Response of speargrass (Imperata cylindrica) to cover crops integrated with handweeding and chemical control in maize and cassava uri icon

abstract

  • Speargrass [Imperata eylindrica (L.) Raeuschel] is a noxious weed widespread in most tropical zones of the world. Studies were conducted in the savannah of West Africa from 1997 to 1999 to evaluate crop yield, speargrass control, and net benefit from the use of cover crops integrated with handweeding and chemical control in maize and cassava. Glyphosate and handweeding were main treatments. Subplot treatments were type of cover crop [velvetbean, Mucuna cochinchinensis (Lour.) A. Chev., kudzu, Pueraria phaseoloides (Roxb.) Benth, and velvetbean intercropped with kudzu] and plots without cover crops. Weeding five times or applying glyphosate was more effective than weeding twice in preventing crop yield losses and suppressing speargrass. Plots that received glyphosate or those weeded five times had 28-59% higher crop yields than plots weeded twice at all locations. In maize, subplots without cover crop had 30% more maize grain yield than plots with cover crops. In cassava, subplots without cover crops at Ezillo and plots where kudzu was intercropped with velvetbean at Ogoja had the lowest cassava tuber yields. Speargrass was more effectively suppressed in plots with cover crops than in plots without cover crops. Across all main treatments, velvetbean nearly eliminated rhizomes of speargrass within 2 years of treatment application at Avrankou. It was cheaper to use glyphosate than handweeding for speargrass control in both crops. Cover crops generally gave better economic benefit in cassava while in maize an opposite trend was observed. (C) 2002 Elsevier Science Ltd. All rights reserved.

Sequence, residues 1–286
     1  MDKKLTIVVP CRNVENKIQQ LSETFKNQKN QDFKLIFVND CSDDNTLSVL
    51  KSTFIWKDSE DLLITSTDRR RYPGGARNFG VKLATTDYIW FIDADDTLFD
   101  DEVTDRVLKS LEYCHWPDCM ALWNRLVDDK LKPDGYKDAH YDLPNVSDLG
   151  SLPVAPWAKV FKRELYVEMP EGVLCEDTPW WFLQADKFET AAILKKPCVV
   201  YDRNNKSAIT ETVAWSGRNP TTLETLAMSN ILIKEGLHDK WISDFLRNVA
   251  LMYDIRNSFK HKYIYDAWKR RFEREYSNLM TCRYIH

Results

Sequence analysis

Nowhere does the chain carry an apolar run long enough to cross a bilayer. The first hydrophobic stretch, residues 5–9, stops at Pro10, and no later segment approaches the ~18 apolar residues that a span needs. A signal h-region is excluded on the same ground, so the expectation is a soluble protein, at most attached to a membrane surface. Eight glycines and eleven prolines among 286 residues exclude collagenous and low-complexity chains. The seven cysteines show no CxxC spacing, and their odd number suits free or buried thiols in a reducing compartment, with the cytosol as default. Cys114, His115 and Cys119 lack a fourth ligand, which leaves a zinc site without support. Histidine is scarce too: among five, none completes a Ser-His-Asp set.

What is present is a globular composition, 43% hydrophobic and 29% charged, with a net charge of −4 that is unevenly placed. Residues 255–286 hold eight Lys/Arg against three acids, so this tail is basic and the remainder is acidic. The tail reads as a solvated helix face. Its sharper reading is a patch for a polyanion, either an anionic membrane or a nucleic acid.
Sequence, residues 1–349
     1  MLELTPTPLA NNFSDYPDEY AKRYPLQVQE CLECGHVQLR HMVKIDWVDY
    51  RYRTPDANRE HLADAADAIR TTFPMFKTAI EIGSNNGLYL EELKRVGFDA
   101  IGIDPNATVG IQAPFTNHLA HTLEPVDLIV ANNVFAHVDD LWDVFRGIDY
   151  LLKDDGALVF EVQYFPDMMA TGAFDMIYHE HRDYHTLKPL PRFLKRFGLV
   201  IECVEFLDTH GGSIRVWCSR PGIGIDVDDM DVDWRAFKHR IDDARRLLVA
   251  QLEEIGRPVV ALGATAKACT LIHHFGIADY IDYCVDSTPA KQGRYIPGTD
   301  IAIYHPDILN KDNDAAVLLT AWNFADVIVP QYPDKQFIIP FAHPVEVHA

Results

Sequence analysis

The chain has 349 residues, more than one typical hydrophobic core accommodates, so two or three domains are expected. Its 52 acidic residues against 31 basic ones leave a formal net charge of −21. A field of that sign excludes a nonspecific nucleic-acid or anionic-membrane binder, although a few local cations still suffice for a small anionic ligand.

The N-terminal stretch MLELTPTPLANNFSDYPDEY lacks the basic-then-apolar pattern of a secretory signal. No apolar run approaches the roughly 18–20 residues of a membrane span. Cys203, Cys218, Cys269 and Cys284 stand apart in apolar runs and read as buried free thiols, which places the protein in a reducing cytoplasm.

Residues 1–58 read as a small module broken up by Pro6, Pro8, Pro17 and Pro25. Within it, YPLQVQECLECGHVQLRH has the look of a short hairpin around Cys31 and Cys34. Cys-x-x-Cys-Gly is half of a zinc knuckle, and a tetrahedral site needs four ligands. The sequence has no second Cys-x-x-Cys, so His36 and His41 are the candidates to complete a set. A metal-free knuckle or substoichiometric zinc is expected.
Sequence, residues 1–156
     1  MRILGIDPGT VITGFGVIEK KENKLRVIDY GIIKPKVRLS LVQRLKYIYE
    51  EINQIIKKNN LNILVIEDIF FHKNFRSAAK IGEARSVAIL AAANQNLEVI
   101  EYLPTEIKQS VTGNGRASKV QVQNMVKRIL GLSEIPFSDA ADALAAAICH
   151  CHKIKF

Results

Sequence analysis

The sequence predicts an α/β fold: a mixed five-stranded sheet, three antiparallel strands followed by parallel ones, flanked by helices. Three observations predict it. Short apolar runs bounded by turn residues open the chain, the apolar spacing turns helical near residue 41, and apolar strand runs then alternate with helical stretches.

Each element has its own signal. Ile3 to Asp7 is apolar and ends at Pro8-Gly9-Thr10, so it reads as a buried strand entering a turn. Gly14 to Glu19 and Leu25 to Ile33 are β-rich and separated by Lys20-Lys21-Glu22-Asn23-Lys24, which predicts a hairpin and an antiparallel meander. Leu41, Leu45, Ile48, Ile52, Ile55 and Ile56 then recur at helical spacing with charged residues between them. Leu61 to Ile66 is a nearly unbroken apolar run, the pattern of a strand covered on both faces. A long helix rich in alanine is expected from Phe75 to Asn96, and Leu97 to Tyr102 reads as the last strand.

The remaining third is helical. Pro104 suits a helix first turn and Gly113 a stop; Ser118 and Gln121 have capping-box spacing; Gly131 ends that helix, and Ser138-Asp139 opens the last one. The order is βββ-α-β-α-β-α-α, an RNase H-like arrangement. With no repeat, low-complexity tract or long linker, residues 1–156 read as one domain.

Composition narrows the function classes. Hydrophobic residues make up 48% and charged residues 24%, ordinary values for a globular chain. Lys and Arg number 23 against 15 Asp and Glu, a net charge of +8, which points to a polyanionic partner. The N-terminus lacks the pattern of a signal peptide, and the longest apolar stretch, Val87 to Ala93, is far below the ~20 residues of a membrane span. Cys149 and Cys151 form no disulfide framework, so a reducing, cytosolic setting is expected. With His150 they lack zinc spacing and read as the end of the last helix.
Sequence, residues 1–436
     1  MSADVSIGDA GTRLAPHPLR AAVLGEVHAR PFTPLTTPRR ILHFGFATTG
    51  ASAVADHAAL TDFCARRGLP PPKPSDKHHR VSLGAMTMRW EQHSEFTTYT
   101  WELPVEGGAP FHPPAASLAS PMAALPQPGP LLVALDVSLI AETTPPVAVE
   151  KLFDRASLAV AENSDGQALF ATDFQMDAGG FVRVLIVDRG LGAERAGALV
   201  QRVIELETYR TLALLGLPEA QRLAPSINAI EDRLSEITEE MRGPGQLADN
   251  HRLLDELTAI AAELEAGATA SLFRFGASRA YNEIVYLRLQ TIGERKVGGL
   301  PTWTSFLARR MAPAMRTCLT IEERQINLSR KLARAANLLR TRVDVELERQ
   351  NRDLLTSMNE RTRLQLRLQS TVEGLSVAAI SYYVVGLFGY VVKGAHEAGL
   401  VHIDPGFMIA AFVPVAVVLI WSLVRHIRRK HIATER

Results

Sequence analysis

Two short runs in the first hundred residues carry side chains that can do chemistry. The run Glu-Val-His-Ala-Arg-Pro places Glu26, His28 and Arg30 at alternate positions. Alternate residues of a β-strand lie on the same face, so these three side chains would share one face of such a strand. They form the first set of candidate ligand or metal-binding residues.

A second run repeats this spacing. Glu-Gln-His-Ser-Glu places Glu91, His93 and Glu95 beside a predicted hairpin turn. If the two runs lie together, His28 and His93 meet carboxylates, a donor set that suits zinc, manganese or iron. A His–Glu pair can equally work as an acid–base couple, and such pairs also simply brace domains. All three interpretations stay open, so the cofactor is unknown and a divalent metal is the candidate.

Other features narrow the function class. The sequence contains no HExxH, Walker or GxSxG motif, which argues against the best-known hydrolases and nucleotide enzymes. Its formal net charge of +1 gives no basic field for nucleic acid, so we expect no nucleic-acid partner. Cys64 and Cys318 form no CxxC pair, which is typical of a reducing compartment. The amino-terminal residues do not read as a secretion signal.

publication date

  • 2002
  • 2002
  • 2002